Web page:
I guess sometimes people can also use “to spread love” in a sarcastic way to talk about someone who sleeps around, but that would be in a very specific context and is not the original meaning.


I don’t know about their sexual education in schools, but according to my Korean friend, who lives in Japan, Japan is very liberated when it comes to sexuality, to the point that everything is acceptable, including pedophilia.

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Every year? Wow, we had it only once in school, as part of our highschool biology lectures. Quite thoroughly, it lasted several weeks or so, but was never repeated. And as far as I remember there was no special attention for sexual violence and definately no police at school. I’m glad to hear they did pay attention to that part, though.

Thank you very much for the explanation! It is really interesting!

I think I got it:

  • we can also use 사랑을 나누다 (sarangul nanuda) when talking to a child, parent or friend; not only to a lover.
    (I hope I won’t say anything wrong to them here XD)

  • there is no unique and dedicated equivalent for “making love” in Korean, contrary to French.
    (“sarangul nanuda” could either mean “making love” or something else related to caring and affection. The same expression can mean something else).

We use a literal translation of “making love” in French in everyday life.
That expression, I’d use it only when I am sure both partners are lovers (they know their feelings for each other and are a couple).

:thinking: I think we can still use the literal expression of “making love” in French for the Victorian era (1837-1901), because some authors used it around the French Revolution period (1789).
Otherwise, we can use metaphors like “share the same bed” or “sleep together,” it’s less explicit though.

When English expressions have the same equivalent expressions in French like “making love” (same unique meaning and no ambiguity), I am quite happy XD

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That explains all the anime and manga including incest in a non-critical way (and also the many abusive sexual aspects in many stories in a way I’ve only noticed it in Japanese anime/manga).

@ sexual education lessons at school

I think it changed a bit during the past time in Europe, also with aspects like bullying at school (so it depends when someone went to school here). We had few lessons at grammar school including a visit from a police officer who was talking about sexual abuse of children and that they should talk to teachers to get help (one of the class mates had a breakdown after that).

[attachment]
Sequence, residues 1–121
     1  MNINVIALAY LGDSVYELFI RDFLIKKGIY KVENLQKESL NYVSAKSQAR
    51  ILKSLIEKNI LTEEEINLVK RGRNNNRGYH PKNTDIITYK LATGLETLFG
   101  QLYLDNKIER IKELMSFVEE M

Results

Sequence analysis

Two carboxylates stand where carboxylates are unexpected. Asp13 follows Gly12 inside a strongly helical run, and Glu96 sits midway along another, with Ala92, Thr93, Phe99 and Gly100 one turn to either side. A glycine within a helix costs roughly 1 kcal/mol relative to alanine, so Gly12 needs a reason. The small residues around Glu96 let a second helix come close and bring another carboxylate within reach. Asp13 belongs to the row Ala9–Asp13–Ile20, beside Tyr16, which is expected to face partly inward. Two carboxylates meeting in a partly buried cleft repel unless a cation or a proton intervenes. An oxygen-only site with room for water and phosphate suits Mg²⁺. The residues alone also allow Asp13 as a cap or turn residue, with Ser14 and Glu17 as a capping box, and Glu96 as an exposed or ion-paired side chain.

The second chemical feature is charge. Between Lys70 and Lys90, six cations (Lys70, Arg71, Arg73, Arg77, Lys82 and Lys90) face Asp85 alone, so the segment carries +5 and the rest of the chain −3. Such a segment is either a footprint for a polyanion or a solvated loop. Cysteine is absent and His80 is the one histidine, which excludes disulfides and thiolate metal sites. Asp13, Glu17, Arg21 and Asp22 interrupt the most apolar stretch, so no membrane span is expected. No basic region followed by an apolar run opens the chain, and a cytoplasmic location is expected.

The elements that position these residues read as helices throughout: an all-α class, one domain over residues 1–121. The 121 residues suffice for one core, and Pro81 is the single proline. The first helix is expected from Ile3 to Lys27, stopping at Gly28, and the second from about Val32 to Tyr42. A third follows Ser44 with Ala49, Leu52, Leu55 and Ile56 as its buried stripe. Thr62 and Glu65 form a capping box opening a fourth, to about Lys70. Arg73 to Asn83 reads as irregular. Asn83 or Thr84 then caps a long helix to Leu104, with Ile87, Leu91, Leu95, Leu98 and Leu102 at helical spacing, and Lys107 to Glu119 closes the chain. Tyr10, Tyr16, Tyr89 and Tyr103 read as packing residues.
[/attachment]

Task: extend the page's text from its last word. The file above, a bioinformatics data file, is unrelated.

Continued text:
In high school we mainly had the aspect of how to not get pregnant and avoid HIV. It was never about asking for permission so I could say rape, sexual abuse/harassment was never a topic during class at high school/for teens and it was as if sexual abuse could only happen to little kids but never to teens or students or even adults…


Yup, last year of elementary and during vwo in biology and after that during a social class. Our principle really cared about the subject, so we got it every year, sometimes with a lesson about different drugs and what drug use can do to you attached to it.

I remember that they split up the police officers. Some would talk about drugs, some about sexual abuse.
They talked to us in smaller groups as well and I remember an officer telling us about the worst case of sexual abuse he’d ever encountered, and honestly it was a shock to us to hear some of the details of that case (the girl was really really young).

@sonmachinima yup, that’s also what they focused on. How not to get STDs, how not to get pregnant, teaching everyone how to put condoms on and different types of birth control, etc. I wished they talked a bit more on consent though, because honestly, there are different ways to pressure someone into doing something they aren’t ready for.


I suddenly have to think of a documentary series I saw years ago: